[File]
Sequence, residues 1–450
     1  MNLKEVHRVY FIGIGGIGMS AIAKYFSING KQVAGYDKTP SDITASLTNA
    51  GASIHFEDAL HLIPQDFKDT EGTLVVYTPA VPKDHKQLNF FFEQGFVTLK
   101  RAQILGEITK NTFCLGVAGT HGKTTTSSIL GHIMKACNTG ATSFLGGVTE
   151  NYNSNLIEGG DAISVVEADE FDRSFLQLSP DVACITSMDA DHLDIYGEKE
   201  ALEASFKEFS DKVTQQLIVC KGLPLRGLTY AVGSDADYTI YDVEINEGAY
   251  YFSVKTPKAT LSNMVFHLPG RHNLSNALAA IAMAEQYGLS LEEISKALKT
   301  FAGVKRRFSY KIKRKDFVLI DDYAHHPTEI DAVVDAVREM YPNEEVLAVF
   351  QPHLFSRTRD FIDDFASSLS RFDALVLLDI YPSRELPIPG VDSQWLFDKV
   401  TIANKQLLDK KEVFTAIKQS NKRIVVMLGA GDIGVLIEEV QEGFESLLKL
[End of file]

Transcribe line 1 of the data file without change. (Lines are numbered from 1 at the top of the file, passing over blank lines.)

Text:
Sequence, residues 1–450